Building magazine is 180 years old this year. To celebrate this anniversary, the bible for the built environment has launched the Building the Future Commission to identify how construction can change and improve. Nineteen high-profile commissioners, including Gleeds’ Richard Steer, will open lines of inquiry and collaborate with experts around the UK to imagine the future.
In this Q&A, Richard talks about the importance of tackling the skills crisis, a love of Southampton FC and the importance of collaboration over competition.
Building magazine is 180 years old this year. What lessons about the built environment should we take from the past?
When The Builder was first published all those years ago, ‘Railway mania’ was taking hold, urban populations were booming, terraced houses were springing up in cities across the country, even steel framed high-rises were beginning to appear. Much of the building stock created in the interim, while still standing in many cases, is no longer fit-for-purpose because we simply didn’t have the knowledge that we do now. Futureproofing towns and cities involves guesswork, but it’s so important to ensure we’re not setting up the next generation for a fall. We need to look at the direction of travel and deliver a built environment which anticipates the needs of tomorrow, a concern that wasn’t front of mind 180 years ago…
Who or what has had the most positive impact on construction in the past couple of decades?
The thing that’s most positively impacted construction and in turn, will positively impact the planet in the long term is the drive toward sustainability. The need to be more sustainable was brought into focus in the 70s, but the term ‘sustainable development’ wasn’t really used until the late 80s. While the construction industry still has a long way to go, in the last couple of decades we’ve seen a huge push toward sustainability at the design stage, greener materials used and less waste created during the construction phase, and far greater energy efficiencies during the operational phase of buildings. Governments are pushing for greener construction, but more than that, clients are making it clear that sustainability is a key consideration for them now, too.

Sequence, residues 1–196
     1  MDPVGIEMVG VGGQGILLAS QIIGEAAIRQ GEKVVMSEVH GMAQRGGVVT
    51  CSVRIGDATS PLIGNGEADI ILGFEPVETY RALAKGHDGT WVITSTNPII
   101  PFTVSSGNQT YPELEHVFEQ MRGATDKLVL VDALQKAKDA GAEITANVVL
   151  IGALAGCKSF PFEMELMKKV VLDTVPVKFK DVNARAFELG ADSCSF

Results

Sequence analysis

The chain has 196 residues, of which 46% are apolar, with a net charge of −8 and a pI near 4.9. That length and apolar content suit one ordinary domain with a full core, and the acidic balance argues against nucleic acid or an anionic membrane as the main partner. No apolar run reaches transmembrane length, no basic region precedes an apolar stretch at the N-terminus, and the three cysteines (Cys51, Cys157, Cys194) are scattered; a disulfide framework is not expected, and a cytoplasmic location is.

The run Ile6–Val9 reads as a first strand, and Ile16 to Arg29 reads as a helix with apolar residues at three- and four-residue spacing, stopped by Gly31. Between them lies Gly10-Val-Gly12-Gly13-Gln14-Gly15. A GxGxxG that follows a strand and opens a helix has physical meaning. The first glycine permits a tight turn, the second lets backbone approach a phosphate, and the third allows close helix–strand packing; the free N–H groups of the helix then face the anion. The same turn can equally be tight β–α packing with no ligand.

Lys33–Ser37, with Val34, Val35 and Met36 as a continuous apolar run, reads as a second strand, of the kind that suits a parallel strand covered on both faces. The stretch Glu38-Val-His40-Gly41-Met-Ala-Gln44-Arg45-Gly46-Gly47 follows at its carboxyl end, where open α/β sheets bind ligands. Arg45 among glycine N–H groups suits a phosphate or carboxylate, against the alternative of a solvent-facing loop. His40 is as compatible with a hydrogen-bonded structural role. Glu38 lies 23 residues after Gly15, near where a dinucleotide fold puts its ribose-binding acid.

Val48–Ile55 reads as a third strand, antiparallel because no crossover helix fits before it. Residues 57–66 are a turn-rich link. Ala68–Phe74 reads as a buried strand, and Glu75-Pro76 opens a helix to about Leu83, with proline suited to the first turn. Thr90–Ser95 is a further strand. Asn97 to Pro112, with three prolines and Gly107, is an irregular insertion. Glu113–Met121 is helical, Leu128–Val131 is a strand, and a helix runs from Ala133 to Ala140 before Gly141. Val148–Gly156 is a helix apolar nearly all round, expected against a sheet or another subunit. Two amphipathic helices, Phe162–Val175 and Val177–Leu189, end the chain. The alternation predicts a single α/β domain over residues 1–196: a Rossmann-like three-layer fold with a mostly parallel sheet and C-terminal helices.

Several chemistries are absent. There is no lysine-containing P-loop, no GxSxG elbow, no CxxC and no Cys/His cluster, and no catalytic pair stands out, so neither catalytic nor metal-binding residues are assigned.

What does the construction industry do well and why?
In a nutshell, I believe that the construction industry is the backbone of this country - conservative estimates suggest it contributes at least 7% of nation’s GDP and employs nearly 10% of its workforce. We are resilient. This industry - which shapes skylines and cities, creates the infrastructure which keeps people and places connected, and delivers hospitals and housing - has weathered many a storm. Covid, Brexit, recession, war! The industry endures and helps to get economies back on their feet. That’s something to be celebrated.
What does construction industry do badly and why?
We as an industry are notoriously slow to evolve. Where other sectors nimbly adapt and change direction with speedboat-like ease, construction tends to more closely resemble a super tanker turning in a canal. I’m not talking about the emergence of new technology, but the fabric of the industry itself – its diversity, its inclusivity, its working practices…there seems to be a resistance to change. I think this maybe because we are a diverse sector with many moving parts and to bring unanimity of purpose and deliver united outcomes is a challenge with so many competing agendas.
What’s the biggest change you’ve seen during your career in construction?